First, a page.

Rolled Alloys




From time to time one or another heat resistant alloy is used in contact with a low melting point metal in its molten state. Depending upon which metals are involved, the temperature and the state of stress, that molten metal may dissolve, or may crack, the heat resistant alloy.

Nickel — with respect to nickel – chromium – iron or nickel – chromium alloys, the higher the nickel content, the more rapidly the solid metal dissolves in the molten. As a ROUGH rule of thumb, where contact with low melting metals is concerned the lower nickel alloys, or even the ferritic stainlesses, are preferred. High nickel alloys, such as RA600 (76%Ni) tend to be attacked more severely.

Molybdenum — in resisting corrosion by molten zinc alloys, a molybdenum addition appears to benefit austenitic stainless or nickel alloys. One example is 316L, which at 2% Mo seems to work better than does 304, in contact with molten zinc for galvanizing or die casting operations. AL-6XN® alloy, 6.3% Mo, has performed better than 316L at 1000°F (538°C) in 26% aluminum, 7% lead, 67% zinc. Alloy C-276, 15% Mo, has been used in continuous zinc galvanizing at about 850°F (454°C).

Dissimilar Metals — must not be used in contact with molten metals. A phenomenum known as mass transfer1 may dissolve the higher nickel alloy preferentially. One example known to us was a lead pot fabricated of heavy RA330 alloy plate. It had been welded with the 72% nickel 19% chromium 2.7% columbium (niobium) weld filler 82, ERNiCr-3. It failed when the weld bead separated from the base metal. Analysis of the weld bead showed that it was now a lead alloy, with about 5% columbium (niobium) and traces of chromium and nickel.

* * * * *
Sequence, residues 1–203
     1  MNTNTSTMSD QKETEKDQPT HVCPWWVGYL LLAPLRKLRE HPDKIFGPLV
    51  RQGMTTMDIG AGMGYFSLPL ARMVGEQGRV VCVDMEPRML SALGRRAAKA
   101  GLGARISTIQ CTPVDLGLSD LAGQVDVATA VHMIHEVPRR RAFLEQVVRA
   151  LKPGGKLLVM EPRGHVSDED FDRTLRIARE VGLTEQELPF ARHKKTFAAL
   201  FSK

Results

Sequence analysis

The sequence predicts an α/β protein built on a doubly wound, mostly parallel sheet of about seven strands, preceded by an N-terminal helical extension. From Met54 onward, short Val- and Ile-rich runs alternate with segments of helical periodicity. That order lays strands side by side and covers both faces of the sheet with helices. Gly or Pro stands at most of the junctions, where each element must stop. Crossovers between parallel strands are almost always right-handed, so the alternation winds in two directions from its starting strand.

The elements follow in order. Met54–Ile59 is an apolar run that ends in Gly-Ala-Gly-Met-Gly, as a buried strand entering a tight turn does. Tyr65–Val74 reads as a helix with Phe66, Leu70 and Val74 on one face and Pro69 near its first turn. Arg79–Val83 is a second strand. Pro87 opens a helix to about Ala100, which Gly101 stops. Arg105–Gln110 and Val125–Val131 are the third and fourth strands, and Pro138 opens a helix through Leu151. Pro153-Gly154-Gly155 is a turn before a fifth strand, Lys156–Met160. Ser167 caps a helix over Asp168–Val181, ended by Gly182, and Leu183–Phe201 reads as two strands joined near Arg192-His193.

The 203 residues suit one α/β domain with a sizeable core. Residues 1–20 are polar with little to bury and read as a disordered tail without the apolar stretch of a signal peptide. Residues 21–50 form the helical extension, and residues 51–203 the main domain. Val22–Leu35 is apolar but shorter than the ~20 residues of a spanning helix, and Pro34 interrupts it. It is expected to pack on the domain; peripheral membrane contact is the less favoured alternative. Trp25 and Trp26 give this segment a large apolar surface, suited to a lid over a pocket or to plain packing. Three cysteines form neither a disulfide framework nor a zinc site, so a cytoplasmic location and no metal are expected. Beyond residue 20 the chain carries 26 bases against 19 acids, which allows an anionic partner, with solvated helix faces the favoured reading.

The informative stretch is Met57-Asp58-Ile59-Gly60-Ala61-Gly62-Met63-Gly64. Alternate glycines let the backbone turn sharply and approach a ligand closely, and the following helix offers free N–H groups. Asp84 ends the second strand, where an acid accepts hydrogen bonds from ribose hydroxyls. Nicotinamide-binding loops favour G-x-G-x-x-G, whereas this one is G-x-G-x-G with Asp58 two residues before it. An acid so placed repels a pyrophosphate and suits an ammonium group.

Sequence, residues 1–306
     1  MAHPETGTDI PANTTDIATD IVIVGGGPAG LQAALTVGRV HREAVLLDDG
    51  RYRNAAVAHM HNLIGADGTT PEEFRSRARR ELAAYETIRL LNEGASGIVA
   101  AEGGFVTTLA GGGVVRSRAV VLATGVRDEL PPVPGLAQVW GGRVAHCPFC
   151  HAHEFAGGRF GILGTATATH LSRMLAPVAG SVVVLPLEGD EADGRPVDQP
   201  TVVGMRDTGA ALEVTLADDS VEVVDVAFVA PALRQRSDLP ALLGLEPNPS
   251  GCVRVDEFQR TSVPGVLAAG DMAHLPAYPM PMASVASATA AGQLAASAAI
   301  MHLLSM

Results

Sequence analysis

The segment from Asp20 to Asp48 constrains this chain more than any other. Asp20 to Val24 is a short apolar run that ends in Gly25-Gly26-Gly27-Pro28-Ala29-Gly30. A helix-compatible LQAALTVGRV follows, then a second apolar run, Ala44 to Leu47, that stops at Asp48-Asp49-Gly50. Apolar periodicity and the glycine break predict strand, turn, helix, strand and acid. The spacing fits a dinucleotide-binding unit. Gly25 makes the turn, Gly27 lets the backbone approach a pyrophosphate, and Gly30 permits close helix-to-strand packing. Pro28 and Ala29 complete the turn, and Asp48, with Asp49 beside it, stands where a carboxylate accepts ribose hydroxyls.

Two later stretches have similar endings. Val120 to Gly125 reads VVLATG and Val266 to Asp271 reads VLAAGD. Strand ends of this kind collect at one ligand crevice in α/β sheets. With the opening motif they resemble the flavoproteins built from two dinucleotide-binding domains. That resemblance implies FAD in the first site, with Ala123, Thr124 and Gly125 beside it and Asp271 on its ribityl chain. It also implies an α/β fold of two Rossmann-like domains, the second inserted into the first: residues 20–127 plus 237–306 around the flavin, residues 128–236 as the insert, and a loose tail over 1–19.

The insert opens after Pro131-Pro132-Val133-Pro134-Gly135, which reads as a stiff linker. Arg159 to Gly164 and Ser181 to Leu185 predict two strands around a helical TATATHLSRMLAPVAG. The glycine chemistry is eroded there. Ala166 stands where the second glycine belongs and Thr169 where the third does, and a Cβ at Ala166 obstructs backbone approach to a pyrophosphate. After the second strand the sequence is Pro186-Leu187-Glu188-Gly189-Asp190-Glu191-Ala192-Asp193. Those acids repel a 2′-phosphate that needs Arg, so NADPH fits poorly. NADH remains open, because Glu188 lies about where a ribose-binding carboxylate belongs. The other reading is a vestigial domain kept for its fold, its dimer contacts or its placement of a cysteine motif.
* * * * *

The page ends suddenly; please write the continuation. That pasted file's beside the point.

Embrittlement — liquid metal embrittlement may occur just below the melting point of the low melting metal. The same molten metal may either dissolve or crack2 the heat resisting alloy, depending upon the stress level, and how much molten metal is present.

Aluminum — molten aluminum dissolves any Fe, Fe-Cr, Ni-Cr-Fe or Ni-Cr alloy, likewise for the cobalt alloys. Nevertheless, bar of alloys such as RA446 (25% Cr, balance Fe) has been used for stoppers in bottom pour aluminum ladles. Life is erratic, depending upon how long it takes the aluminum to reduce and/or wash away the hot rolling scale from the bar. RA330 (35%Ni 19%Cr 1.2%Si balance Fe) 11 gage/3mm wall cooling tubes have been used in an aluminum melting furnace, right above the metal. Wherever molten aluminum splashes on the RA330 it goes right through it like hot water through snow. Titanium tubing has been used to siphon molten aluminum. That it has been successful at all is due entirely to the tenacious oxide film on the titanium.

Antimony — we have no definite experience. There are indications that lead baths which have been contaminated by antimony, from using scrap lead, are corrosive to Ni-Cr-Fe alloys.

Bismuth — To satisfy OSHA, one American file manufacturer switched from molten lead to bismuth in its 1450°F (788°C) austenitizing baths. The lead, now bismuth, pots are fabricated of RA330 plate welded with RA330-04 (35%Ni 19%Cr %Si 5%Mn 0.25%C) weld filler. These pots have two loops of 2” Sch 40 RA330 pipe welded to the bottom. An induction coil fits through the loops and heats the bismuth. When too much heat is applied, the loops are attacked. When maintained at 1450°F (788°C) no problems have been reported to us.

Cadmium — We have no experience with the effects of Cd on austenitic alloys. However cadmium is said to embrittle steel at temperatures as low as 450°F (232°C), which is about 160°F (90°C) below its melting point3.

Calcium — Molten calcium can crack RA330, and presumably higher nickel alloys as well. The example here is from an RA330 retorts used to process ferrites, f or the electronics industry. This is done at high temperature under a hydrogen atmosphere. Calcium carbonate has been used as part of the mix. The hydrogen reduces it to calcium metal. The metallic calcium vapors haven’t been a problem. Down toward the retort base it is cooler, and molten calcium condenses on the retort wall. The retort cracks at this location.